As you may recall from the last time you looked at this page, a few of us collected some data during the #31HorrorFilms31Days challenge, AKA October. Now, your humble proprietress here at THE BLOG IS COMING FROM INSIDE THE HOUSE also writes a column for Truthout called Ladydrawers that illustrates gender issues in comics and other media, so she had a pretty basic interest in doing just a teensy bit of content analysis by tallying just a handful of statistics. But that wasn’t enough, of course. Because the content of any media is just the part that viewers see. What really matters, actually, in media, is who decides what gets seen. Consumers of media forget this, but if you’ve ever tried to make a living as a woman in any arena of media in which it is advisable to remain clothed during work, you learn pretty quick that the person behind the camera, the text, and the checkbook has a great deal more power—and is granted more flexibility in how to exert it—than the one in front. So we combined the data we’d originally collected based on viewing approximately 60 films, and some more data, compiled by INTERN POWER, collected from IMDb and other sources on the labor of these films both off- and on-screen. We’ve come up with a really quick snapshot of gender and race in horror films. (Just keep in mind that the viewing lists were totally subjective, and based on the interests, predilections, and foreknowledge of two pretty engaged gender-aware viewers of horror.)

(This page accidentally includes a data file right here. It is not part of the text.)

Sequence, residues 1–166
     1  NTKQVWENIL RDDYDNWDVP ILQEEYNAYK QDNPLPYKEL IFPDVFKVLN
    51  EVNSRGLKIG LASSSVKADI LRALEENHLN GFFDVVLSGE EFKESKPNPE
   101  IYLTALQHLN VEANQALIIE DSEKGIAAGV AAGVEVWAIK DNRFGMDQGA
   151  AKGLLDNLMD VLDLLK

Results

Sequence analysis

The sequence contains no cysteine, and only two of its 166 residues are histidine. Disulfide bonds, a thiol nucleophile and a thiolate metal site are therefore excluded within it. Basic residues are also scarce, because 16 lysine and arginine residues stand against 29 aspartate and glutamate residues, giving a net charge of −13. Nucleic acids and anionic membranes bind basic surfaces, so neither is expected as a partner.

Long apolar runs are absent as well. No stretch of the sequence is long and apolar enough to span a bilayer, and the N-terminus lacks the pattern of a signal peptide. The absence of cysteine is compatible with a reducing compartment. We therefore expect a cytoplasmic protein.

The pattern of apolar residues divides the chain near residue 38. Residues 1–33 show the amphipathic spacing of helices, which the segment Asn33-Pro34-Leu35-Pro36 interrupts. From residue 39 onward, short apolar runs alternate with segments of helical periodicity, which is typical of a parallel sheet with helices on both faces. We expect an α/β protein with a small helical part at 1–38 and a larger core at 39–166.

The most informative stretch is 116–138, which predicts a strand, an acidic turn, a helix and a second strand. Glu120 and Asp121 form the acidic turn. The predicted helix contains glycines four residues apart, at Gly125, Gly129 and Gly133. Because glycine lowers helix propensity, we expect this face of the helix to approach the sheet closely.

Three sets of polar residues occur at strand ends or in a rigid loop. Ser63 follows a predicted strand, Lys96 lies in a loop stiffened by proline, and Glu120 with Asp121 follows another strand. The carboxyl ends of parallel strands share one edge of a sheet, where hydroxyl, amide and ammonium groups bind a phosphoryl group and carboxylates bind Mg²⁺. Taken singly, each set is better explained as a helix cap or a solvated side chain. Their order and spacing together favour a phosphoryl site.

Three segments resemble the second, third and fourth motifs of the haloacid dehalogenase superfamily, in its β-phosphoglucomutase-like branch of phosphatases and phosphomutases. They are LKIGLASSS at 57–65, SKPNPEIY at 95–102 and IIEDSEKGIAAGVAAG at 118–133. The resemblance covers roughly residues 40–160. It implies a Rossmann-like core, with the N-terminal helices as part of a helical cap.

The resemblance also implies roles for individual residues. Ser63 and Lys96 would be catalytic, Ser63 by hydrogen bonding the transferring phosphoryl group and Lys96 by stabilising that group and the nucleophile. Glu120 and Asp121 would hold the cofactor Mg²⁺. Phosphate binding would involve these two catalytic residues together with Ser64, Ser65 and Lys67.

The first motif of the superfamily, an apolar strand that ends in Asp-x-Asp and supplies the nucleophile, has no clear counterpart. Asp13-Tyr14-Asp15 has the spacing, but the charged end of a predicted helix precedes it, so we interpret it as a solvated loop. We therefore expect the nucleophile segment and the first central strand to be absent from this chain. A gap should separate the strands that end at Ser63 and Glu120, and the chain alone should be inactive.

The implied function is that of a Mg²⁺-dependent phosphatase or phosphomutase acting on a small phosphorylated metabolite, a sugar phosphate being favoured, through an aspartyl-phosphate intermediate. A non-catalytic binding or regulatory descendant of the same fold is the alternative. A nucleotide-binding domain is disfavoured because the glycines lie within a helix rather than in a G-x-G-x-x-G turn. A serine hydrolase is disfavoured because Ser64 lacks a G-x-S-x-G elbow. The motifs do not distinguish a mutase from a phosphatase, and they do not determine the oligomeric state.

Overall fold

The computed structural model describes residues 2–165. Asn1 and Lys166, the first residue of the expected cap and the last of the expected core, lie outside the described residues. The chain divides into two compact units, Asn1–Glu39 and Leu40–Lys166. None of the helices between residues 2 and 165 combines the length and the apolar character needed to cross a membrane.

Director(s), by gender: 2% female; 98% male
Writer(s), by gender: 9% female ; 91% male
Producers, by gender: 13% female; 87% male
Listed Lead Cast, by gender: 41% female; 59% male (none were identified via IMDb or preliminary searches otherwise as trans or non-binary)
Perceived Lead Cast, by gender: 49% female; 51% male (onscreen, none were identifiably trans or non-binary gender, nor did any characters express gender identification preference in opposition to verbal or visual gender identification)